The Financial Aid Award Letters:  If you submitted your FAFSA and CSS Profile, you will receive a financial aid package from each school that admits you. It is important to understand the different types of financial aid:

  • Grants and Scholarships: You do not need to pay back.
  • Work Study: You get a job on campus. Your earnings go to pay for college.
  • Loans: You must pay back. You do not have to accept all of the the loans offered.

Note that even with the financial aid package, there will be a balance that you will have to pay. Your total payment requirement will equal the balance + any loans you will take out + interest on those loans.

Weighing Your Options:  It is important to compare financial aid packages between schools. Stronger packages include more grants and scholarships and fewer loans.

Appealing Your Financial Aid:  Financial situations can change, especially today with the effects of COVID-19 on many people’s jobs. If your financial circumstances have changed since you applied to college, you may be able to appeal your award. Reach out to the college financial aid office.

For more information about how to read your award letters, book a free session with us!

Accept and Place Your Deposit by May 1 to one school. Decline the other colleges that accepted you.

You Did It! You Are Going to College!

First Generation College Students

I’m First! was created in 2013 to provide students who lack a family history of higher education with inspiration, information, and support on the road to and through college.


First Generation College Students

College Lingo You Need to Know


A major is a field of study you choose in college where you are required to take a certain number of courses in that field to earn your Bachelor’s Degree. Most colleges do not require that you declare your major until second semester sophomore year, unless you attend an engineering or other specialty school.


Similar to a major but fewer courses required, a minor is a field of study you choose in college (in addition to your major) where you are required to take a certain number of courses in that field. You can minor in something that complements your major or in something completely different that interests you.

Professor Office Hours

Professors do more than just teach your classes. At the beginning of each semester, your professors will share their office hours – a few hours each week when they are available for you to come by their office to ask questions about class, ask for advice, work with them on research projects, and to be mentors to you. They are there for YOU. Do not wait to ask questions if you have them! 

Prerequisite Course

Many college courses will require that you take an introductory or other courses (prerequisite) before permitting you to register for a higher level course.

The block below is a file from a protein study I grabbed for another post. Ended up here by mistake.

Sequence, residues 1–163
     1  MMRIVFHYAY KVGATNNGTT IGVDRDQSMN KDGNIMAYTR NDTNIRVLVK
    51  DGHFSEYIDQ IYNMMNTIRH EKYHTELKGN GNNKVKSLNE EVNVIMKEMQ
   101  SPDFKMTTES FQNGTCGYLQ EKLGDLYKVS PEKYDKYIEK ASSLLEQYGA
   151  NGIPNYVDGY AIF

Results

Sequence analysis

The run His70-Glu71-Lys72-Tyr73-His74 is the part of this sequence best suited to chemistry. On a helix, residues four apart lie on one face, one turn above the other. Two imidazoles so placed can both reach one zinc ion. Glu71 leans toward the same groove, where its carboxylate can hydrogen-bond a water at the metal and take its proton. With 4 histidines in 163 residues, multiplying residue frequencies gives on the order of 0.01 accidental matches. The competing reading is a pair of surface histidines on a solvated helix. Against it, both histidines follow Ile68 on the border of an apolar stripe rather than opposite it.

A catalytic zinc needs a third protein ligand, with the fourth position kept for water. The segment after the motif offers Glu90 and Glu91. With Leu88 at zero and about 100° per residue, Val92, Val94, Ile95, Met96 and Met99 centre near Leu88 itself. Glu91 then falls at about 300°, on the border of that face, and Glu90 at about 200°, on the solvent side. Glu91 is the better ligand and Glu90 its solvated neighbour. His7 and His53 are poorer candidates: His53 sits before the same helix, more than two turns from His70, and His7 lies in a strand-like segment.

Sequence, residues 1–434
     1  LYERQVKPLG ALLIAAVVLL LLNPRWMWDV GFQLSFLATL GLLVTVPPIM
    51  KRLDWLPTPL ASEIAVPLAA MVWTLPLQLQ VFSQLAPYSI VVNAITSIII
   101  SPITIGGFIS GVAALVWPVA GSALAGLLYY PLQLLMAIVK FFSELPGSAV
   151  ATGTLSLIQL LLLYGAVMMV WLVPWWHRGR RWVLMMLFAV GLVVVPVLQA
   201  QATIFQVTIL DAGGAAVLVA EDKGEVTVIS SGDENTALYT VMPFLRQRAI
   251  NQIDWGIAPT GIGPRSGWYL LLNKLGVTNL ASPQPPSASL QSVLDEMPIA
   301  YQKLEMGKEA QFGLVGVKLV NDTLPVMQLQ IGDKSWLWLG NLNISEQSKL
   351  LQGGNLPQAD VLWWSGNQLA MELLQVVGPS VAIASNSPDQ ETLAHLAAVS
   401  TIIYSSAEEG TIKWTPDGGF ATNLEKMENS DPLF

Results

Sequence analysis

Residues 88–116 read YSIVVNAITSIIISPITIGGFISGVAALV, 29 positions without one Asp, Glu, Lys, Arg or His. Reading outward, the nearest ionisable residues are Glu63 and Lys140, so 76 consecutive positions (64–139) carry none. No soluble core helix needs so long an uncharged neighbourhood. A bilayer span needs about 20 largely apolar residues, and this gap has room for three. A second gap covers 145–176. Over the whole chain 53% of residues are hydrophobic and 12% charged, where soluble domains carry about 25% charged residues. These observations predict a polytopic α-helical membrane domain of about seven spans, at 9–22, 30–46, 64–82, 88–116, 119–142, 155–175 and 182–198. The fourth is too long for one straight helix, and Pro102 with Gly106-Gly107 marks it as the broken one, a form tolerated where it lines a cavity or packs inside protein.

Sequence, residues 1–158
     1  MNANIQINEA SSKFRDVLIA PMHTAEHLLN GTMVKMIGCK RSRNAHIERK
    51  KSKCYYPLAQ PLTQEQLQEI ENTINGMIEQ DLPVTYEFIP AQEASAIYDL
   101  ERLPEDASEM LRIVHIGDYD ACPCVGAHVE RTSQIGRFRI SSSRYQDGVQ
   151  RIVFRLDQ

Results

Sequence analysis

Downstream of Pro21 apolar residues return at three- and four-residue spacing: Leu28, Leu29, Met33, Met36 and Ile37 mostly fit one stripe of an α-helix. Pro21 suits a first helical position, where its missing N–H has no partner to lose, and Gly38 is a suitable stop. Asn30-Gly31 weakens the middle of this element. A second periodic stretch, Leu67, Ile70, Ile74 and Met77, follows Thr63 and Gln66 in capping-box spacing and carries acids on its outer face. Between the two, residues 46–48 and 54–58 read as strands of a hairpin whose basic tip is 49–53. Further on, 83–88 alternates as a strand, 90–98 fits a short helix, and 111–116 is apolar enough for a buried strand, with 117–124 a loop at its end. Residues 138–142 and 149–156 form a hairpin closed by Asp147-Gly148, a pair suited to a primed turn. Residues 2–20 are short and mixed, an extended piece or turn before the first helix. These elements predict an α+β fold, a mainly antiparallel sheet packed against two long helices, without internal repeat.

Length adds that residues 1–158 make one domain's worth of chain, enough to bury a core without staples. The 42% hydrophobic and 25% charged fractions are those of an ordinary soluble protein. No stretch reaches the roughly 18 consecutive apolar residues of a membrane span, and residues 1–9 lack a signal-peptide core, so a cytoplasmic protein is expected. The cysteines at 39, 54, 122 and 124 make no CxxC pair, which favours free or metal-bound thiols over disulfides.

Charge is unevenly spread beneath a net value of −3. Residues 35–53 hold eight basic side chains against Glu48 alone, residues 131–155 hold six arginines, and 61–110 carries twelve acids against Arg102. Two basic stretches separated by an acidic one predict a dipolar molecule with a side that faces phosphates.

Each of your professors will share with you a ‘syllabus’ which outlines their expectations for their class, including homework & reading assignments, quizzes, tests, midterms and final exam. It will indicate the weight of assignments and tests, for example, you may have only two mid-term exams, each worth 25% of your grade and a final, worth 50% of your grade. You are responsible to get the required work done in between to make sure you are prepared for the exams.

Academic Advisor

A university professor or staff member that is assigned to you to help guide you in your academic endeavors. You will discuss what classes to take, what you may want to major in and academic requirements. Make sure you take advantage of having them as a resource.


Your RA is your Resident Advisor, usually an upperclassman that lives in your dorm and is available to you if you have any questions about anything: dorm life, roommate issues, your classes, the best places to eat on campus. They have been in your shoes, use them as a resource and friend!

Meal Plans

A meal plan is food dollars typically placed on your student ID. College meal plans vary but you should have access to many different food options on and sometimes off campus. Which meal plan you choose depends on your appetite and potentially your financial aid package. If you run out of food dollars before the semester is over, you can add more food dollars. If you are on financial aid or a school scholarship, talk to your financial aid officer.

Greek Life

A system of fraternities (boys) and sororities (girls) that add a social and community component to the college experience. You do not have to be in one to have the full college experience. Most college campuses have less than ½ of students participate. Some schools have living communities that are based on academic or other areas of interest.

This is a lot to take in.  Bookmark this page and come back often.  And be sure to check out the individual grade pages for additional information. If you have any questions, set up a free 30 minute session with us.